For those who haven’t seen it, Kobe is completely and utterly playing to the 30 cameras that he knows are documenting his every move, recording his every word, in a way that leaves him looking so transparent that it’s a wonder he even let this thing get out.

Actually, it isn’t a wonder. Kobe has isolated himself so much from anyone who will tell him that things aren’t heading in a direction that isn’t particularly appropriate, that it’s pretty obvious that he doesn’t know how poorly he came off.

I’m years removed from being angry about that. At this point, in May of 2009, I’m just sort of sad about that. The guy is so maladjusted, he just has no clue.

And in the sickest way possible, I relate to that.

Philly’s MLS Side : Attracting Haters Before They’ve Kicked A Ball

Posted in Football at 3:51 pm by

Since being awarded a 2010 Major League Soccer franchise, the Philadelphia Union have sold more then 7000 season tickets. With that sort of excitement surrounding a new club, is there any surprise the Union badge is prominently displayed throughout the internet?

In the above instance of hackery, however, the answer might be “yes”. (link swiped from The 700 Level)

Krieger : Phil’s Complaints Are A “Loser’s Lament”

Posted in Basketball at 3:36 pm by

Aside from imagining Phil Jackson needing a scorecard to ID some of the Nuggets who’ve managed to reduce the Western Conference finals to a Best-Of-3 (ie. “Linas Kleiza, having regressed his way out of the playing rotation by the end of the season, scoring 10 points in 13 minutes off the bench to help take up Melo’s scoring slack” — what, no love for Renaldo Balkman?), the Denver Post’s Dave Kreiger is certain the Lakers “have already begun their campaign against the aggression of the aggrieved, the Nuggets’ current calling card.”

Jackson was complaining about the officiating as soon as Game 4 ended. Like New Orleans coach Byron Scott in the first round, the Lakers are now suggesting Nuggets guard Dahntay Jones is a dirty player for tripping Bryant near the end of the third quarter.

The Nuggets shrugged it off. In fact, Karl likes to hear opponents complain about the officiating, as he mentioned when Scott did it in the first round. Generally speaking, it is a loser’s lament.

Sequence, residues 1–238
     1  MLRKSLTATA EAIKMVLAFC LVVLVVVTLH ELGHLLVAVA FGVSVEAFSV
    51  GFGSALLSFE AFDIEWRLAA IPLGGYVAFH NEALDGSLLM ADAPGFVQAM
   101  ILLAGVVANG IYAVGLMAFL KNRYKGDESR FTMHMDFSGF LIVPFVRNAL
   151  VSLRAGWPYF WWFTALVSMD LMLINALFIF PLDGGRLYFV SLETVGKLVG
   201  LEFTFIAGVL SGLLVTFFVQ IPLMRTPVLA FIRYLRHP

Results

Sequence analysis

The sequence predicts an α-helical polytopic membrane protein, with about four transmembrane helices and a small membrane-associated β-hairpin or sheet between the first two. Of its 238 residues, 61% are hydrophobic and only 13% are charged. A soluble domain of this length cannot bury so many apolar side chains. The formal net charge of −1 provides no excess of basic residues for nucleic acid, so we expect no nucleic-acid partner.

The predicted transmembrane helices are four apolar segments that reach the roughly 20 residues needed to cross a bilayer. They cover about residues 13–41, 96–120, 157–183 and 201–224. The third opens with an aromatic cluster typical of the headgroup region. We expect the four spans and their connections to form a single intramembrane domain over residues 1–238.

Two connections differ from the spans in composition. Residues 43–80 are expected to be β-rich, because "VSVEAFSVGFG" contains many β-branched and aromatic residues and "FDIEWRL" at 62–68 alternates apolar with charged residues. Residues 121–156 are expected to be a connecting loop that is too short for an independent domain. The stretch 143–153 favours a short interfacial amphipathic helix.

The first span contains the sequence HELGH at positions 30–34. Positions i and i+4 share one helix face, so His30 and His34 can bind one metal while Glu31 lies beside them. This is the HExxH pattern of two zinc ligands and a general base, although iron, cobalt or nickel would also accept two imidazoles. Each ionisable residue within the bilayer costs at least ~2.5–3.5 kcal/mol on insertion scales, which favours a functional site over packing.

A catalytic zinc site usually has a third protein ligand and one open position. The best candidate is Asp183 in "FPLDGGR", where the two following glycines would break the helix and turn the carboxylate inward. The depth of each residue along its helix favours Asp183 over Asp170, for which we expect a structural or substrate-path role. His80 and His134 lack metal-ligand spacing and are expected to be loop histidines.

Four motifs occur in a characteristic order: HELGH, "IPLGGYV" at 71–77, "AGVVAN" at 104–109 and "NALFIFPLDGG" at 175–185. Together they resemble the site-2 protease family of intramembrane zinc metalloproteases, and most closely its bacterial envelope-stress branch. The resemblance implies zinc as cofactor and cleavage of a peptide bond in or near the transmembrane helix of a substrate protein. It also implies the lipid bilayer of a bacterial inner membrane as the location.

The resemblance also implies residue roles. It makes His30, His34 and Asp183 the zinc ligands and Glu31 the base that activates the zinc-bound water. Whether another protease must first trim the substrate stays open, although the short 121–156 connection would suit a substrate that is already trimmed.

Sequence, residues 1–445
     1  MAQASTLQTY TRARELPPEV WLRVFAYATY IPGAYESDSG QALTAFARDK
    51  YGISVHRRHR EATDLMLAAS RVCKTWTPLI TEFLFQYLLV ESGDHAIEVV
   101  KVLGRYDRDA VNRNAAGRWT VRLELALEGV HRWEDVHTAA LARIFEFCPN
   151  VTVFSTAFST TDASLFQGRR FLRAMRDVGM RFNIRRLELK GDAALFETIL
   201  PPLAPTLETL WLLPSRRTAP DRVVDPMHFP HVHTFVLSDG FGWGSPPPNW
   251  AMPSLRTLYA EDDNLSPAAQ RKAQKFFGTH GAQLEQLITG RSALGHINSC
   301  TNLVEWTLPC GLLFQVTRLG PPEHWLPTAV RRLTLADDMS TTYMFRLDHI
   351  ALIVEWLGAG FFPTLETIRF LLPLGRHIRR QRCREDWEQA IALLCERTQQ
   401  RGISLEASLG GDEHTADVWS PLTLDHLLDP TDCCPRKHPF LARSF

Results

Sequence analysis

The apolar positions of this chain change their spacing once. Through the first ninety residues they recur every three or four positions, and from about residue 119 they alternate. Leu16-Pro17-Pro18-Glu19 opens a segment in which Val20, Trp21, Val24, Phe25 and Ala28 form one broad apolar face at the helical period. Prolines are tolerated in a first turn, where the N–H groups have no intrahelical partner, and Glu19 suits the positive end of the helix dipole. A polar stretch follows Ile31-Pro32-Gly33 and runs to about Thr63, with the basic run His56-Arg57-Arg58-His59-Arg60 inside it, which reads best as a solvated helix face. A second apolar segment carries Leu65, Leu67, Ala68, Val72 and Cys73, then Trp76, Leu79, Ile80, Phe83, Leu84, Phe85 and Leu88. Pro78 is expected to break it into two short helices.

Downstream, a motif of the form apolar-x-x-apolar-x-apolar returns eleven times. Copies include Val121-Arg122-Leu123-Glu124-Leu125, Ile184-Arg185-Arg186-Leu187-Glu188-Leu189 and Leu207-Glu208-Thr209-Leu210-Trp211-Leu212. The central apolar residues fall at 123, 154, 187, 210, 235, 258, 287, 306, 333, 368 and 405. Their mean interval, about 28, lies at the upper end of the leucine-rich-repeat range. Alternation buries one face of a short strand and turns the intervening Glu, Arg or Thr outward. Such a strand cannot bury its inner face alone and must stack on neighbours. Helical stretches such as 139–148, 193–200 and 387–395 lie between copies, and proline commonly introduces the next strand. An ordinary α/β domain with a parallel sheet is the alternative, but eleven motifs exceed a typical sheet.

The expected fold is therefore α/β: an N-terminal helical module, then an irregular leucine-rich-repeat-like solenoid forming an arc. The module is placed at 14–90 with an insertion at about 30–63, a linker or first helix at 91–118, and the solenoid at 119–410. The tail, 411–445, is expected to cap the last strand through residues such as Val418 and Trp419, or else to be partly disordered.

The NBA is supposed to be a star’s league. Magic, Larry, Michael, Shaq, Kobe. These are the players that win titles. This is why LeBron is thought to have next.

The Nuggets are still six wins away, but Monday’s win put them in better position than they have been in 32 NBA seasons. ESPN’s hype machine is doing its best to make them famous now, but they’re a little late to the task. Good luck finding an unlikelier group of championship contenders.

CBS Sports’ Ken Berger doesn’t quite share the Denver columnists’ unabashed enthusiasm for the Nuggets’ run, calling Jones, “the modern-day version of Anthony Mason. (Or, for our younger readers, Bruce Bowen.)”

Jones already had two flagrant fouls (penalty one) in the playoffs before he stuck his leg out and tripped Bryant with about four minutes left in the third quarter Monday night. Jones’ two-handed push in Bryant’s back in Game 3 had been upgraded to a flagrant foul upon review by the league office, which won’t need much time to upgrade Jones’ latest transgression to his third flagrant of the playoffs.

If that happens — and it absolutely should, given the blatant nature of the play — Jones will have three flagrant points against him entering Game 5. Another flagrant foul-penalty one would result in an automatic one-game suspension. A more serious flagrant-two would get Jones suspended for two games.

Jones, for his part, employed the Iran-Contra defense — “I don’t remember the play,” he said — and insisted, “I think you’re making too much of one play. … I play hard and people don’t like contact. People don’t like you getting in their face. It’s my job to frustrate and play hard and make [Bryant] work for things. If I just let him score on me every time, then I wouldn’t be doing my job. I wouldn’t be able to stay on the floor, so I don’t understand what you people want me to do.”

Wednesday Night : Four Bands Who’ve Yet To Play The Nutty Brown Cafe

Posted in Internal Affairs, Rock Und Roll at 2:10 pm by

2nd time around the block for the post-King Coffey ATC, and we’ll be debuting new material and trying to remember the old on a favorite stage. If you’ve not seen Elvis before, all prior notions of “menacing stage presence” will require revision (though to be fair, the R.S. Howard-esque guitar playing is an equal draw)

Air Traffic Controllers

Kingdom Of Suicide Lovers

Cheap Heat Dept. : WWE’s Enos Humor

Posted in Basketball, Professional Wrestling at 12:52 am by

While the Nuggets were routing the Lakers at the Pepsi Center, a hastily scheduled taping of WWE Raw at LA’s Staples Center predictably centered around Vince MacMahon’s biggest obsession since the Montreal Screw Job.  From the LA Times’ Lance Pugmire :

Looking cheesy with a bad mustache and cheap sports coat, “Stan Kroenke” entered the arena with a basketball and handed it to an actor supposed to be Lakers owner Jerry Buss. The scene fooled some in the crowd, and required at least one fan to explain, “It’s an impersonator, dude!”

But “Kroenke” wasted no time further offending WWE fans in L.A., telling the crowd he was owner of the “soon-to-be NBA champion Denver Nuggets.”

“I cannot stand the WWE or its fans, for that matter. Do you think I care that I screwed thousands of fans? I have much more important things to do with my time. … I’m a respected tycoon/billionaire. I’ve been villified by the WWE, the media and every one of you.”

A photo then flashed on a big screen showing Kroenke with a devil’s tail and horns, while McMahon wore a halo.

McMahon then entered the arena to say he was announcing the formation of a new pro basketball league, the XBA, that would fail miserably, because, “I will have [Kroenke] and your staff run it.”

“All you had to do was pick up the phone and explain that [you] didn’t expect [your] team to make the playoffs.”

McMahon then ridiculed that Kroenke is formally known as E. Stan Kroenke, revealing the E. stands for Enos.

“Enos, look at you,” McMahon said, as the Kroenke impersonator covered his ears in shame. “You’re an Enos! … You have a terminal case of Enos envy.”